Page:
With tourist season upon us, wouldn’t you like to know a bit more about Rome the Eternal City? Just for when you’re lucky enough to find yourself over here in the boot?!! Well first off, Rome is known as the Eternal City and as Caput Mundi. A Latin word which means capital of the world.
Italy still has many little mom and pop businesses, although fewer than when we first arrived 30 years ago. These small shops, from tiny grocers and appliance stores, to shoe repair shops and fruit stands, are pratically icons of Italian society.
More than just a shop, don’t expect to just run in and out. The clerks, like in this rather messy shoe repair shop, take time to chat. You’re sure to find out how so and so’s uncle Mario is doing, hear about Signora Teresa’s aches and pains, and learn all that the present mayor is doing wrong (or right).
Shopping is more than just filling your list. It’s a chance to connect with the community. And you know, it’s good to be a part of it all. Certainly it gets tiresome at times. But in today’s world of impersonal online communications and shopping – I wouldn’t want it any other way! How about you?
In Italy, shopping is more than just checking off your list. It’s a chance to connect with the community and be a part of it all!Tweet
Image is mine.
All parts of the world, including Italy, have their share of endangered species. And Italy’s list is, in fact, growing. From snails and insects to the beautiful, noble, and critically endangered Sicilian Fir Tree. As well as the Aeolian Wall Lizard, found only on a few Italian islands. And one which hits a little closer to home for us: Italy’s Marsican Brown Bear here in Abruzzo.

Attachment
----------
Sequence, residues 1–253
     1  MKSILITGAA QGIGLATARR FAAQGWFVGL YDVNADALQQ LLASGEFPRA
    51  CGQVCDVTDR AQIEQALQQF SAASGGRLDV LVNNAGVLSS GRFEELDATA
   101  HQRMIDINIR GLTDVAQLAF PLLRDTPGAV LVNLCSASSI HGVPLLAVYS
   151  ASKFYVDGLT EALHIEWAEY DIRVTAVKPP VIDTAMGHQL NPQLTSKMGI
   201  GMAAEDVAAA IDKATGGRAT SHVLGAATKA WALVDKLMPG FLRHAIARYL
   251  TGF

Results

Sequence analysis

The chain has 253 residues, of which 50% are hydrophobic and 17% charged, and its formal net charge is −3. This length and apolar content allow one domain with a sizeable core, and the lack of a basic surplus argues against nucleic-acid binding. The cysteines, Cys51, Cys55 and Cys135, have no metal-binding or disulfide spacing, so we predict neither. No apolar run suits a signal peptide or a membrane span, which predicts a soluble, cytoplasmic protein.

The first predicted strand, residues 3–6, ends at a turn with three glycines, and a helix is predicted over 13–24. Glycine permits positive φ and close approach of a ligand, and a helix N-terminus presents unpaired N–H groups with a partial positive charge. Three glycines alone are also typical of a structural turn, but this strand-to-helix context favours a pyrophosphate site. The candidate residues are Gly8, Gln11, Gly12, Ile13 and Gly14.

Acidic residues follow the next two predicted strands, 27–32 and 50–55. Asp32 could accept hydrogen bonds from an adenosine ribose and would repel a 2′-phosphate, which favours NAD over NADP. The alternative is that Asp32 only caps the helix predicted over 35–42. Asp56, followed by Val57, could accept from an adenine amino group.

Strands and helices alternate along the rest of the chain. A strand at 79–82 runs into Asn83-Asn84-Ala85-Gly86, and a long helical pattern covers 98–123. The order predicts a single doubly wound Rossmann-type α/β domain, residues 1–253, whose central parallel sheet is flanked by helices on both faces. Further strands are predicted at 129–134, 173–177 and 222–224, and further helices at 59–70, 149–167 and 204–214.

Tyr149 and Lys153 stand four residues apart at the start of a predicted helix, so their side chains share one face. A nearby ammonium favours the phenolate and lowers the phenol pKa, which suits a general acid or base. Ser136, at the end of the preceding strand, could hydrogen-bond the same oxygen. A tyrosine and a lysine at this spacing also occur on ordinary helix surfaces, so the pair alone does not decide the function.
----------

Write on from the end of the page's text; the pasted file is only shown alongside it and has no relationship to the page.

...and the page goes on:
Now just in case you’re thinking: “Great a boring list of museums!” – never fear! I’ve also included interesting facts about them, because I find mere lists pretty boring too. So read on and discover what makes these five museums (out of Italy’s more than 3,000) special! Why, for instance, the man responsible for making one of the museums so famous never even wanted to take the job!
Mud volcanoes, or mud domes, are pseudo volcanoes, as they do not produce lava and are not necessarily driven by magmatic activity. They are found in various parts of Italy and in most parts of the world including Europe, Asia, and the Americas. Various types exist and some are even artificial.
As the sun wanes in the western sky the cool evening air beckons to all Italians everywhere to take to the streets – for la passeggiata. Young and old, and in between – it’s time for the evening promenade.